Development of prostate specific membrane antigen targeted ultrasound microbubbles using bioorthogonal chemistry

Aimen Zlitni, Melissa Yin, Nancy Janzen, Samit Chatterjee, Ala Lisok, Kathleen L. Gabrielson, Sridhar Nimmagadda, Martin G. Pomper, F. Stuart Foster, John F. Valliant

Research output: Contribution to journalArticlepeer-review


Prostate specific membrane antigen (PSMA) targeted microbubbles (MBs) were developed using bioorthogonal chemistry. Streptavidin-labeled MBs were treated with a biotinylated tetrazine (MBTz) and targeted to PSMA expressing cells using trans-cyclooctene (TCO)-functionalized anti-PSMA antibodies (TCO-Anti-PSMA). The extent of MB binding to PSMA positive cells for two different targeting strategies was determined using an in vitro flow chamber. The initial approach involved pretargeting, where TCO-Anti-PSMA was first incubated with PSMA expressing cells and followed by MBTz, which subsequently showed a 2.8 fold increase in the number of bound MBs compared to experiments performed in the absence of TCO-Anti- PSMA. Using direct targeting, where TCO-Anti-PSMA was linked to MBTz prior to initiation of the assay, a 5-fold increase in binding compared to controls was observed. The direct targeting approach was subsequently evaluated in vivo using a human xenograft tumor model and two different PSMA-Targeting antibodies. The US signal enhancements observed were 1.6-And 5.9-fold greater than that for non-Targeted MBs. The lead construct was also evaluated in a head-To-head study using mice bearing both PSMA positive or negative tumors in separate limbs. The human PSMA expressing tumors exhibited a 2-fold higher US signal compared to those tumors deficient in human PSMA. The results demonstrate both the feasibility of preparing PSMA-Targeted MBs and the benefits of using bioorthogonal chemistry to create targeted US probes.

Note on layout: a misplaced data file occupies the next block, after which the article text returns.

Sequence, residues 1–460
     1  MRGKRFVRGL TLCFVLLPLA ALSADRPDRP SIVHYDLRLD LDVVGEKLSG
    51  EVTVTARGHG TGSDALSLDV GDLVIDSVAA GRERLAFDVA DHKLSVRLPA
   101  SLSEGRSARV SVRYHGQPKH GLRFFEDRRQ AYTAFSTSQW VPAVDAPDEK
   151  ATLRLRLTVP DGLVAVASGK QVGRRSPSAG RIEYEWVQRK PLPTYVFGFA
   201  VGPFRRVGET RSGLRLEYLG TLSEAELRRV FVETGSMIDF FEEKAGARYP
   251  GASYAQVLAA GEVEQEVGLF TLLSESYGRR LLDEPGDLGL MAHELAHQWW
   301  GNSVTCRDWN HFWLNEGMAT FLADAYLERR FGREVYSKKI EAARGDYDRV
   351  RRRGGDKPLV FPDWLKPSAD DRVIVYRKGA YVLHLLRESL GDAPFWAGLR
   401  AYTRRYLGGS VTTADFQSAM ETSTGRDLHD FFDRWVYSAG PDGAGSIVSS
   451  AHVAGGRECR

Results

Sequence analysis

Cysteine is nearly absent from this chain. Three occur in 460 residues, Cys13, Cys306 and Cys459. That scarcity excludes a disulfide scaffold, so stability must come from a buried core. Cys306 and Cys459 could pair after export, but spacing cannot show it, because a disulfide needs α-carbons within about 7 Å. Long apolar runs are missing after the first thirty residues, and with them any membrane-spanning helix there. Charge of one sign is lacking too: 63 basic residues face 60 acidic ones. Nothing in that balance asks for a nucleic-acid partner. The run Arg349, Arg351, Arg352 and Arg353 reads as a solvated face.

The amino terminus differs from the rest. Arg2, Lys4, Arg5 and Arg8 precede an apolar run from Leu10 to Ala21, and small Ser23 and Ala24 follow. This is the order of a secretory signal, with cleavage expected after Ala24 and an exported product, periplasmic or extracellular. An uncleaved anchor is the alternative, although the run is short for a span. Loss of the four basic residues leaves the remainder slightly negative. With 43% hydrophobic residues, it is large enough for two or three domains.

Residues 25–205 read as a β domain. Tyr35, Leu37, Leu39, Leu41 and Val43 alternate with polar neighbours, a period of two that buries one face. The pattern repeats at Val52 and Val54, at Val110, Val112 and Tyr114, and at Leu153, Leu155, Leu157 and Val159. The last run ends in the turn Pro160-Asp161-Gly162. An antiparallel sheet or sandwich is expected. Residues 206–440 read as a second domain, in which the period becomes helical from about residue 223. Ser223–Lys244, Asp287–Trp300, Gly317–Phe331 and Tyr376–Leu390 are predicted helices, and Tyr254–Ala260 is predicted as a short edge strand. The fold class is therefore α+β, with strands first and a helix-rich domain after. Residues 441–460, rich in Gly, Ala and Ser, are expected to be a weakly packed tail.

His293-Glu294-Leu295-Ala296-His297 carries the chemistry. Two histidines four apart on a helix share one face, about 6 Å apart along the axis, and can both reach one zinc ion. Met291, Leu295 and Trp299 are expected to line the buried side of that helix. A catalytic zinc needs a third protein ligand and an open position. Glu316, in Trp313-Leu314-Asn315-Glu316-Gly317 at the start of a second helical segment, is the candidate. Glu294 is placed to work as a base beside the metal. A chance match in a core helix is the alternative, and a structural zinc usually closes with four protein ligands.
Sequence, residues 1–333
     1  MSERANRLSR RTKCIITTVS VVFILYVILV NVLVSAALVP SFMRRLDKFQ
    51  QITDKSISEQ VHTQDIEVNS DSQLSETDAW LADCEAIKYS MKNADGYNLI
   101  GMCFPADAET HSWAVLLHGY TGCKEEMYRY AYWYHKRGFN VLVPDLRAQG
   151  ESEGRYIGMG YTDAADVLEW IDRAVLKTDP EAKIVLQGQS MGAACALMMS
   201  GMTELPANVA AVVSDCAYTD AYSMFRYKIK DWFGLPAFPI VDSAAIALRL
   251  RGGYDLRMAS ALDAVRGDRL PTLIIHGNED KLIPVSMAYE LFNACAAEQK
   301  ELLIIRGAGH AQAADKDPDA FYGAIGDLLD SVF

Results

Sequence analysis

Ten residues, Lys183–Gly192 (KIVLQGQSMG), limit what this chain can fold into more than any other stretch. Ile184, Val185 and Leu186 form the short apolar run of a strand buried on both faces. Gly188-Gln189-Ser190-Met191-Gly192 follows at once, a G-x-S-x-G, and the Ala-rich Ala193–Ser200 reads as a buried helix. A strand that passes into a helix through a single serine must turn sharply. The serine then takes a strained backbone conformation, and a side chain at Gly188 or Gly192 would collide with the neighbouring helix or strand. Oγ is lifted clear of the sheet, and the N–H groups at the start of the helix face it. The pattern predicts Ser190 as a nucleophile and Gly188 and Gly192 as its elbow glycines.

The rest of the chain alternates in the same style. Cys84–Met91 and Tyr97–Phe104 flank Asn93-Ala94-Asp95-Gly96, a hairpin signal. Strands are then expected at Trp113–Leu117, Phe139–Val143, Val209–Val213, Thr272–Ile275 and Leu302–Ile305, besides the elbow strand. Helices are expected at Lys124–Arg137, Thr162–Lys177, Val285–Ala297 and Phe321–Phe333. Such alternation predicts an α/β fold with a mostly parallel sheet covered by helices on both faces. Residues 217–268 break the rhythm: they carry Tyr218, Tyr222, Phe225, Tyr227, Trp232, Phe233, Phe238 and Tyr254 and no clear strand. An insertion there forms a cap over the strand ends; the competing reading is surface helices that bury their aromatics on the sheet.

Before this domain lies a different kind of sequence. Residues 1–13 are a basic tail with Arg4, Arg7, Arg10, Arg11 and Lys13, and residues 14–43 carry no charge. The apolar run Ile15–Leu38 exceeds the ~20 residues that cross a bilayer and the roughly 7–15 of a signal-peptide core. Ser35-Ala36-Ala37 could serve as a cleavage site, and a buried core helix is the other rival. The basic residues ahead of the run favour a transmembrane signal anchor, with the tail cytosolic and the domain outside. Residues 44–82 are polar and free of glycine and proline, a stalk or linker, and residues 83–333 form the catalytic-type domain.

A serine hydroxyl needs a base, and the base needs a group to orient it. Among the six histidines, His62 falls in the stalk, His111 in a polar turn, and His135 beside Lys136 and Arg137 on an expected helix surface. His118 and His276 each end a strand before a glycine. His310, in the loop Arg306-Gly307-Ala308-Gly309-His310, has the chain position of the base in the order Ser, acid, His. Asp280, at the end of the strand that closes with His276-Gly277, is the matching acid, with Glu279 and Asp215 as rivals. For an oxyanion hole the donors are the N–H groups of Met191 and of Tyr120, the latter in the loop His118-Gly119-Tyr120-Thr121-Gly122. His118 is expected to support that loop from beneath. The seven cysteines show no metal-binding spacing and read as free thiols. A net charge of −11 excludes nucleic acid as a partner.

Original languageEnglish (US)
Article number0176958
JournalPloS one
Issue number5
StatePublished - May 2017

ASJC Scopus subject areas

  • Biochemistry, Genetics and Molecular Biology(all)
  • Agricultural and Biological Sciences(all)
  • General


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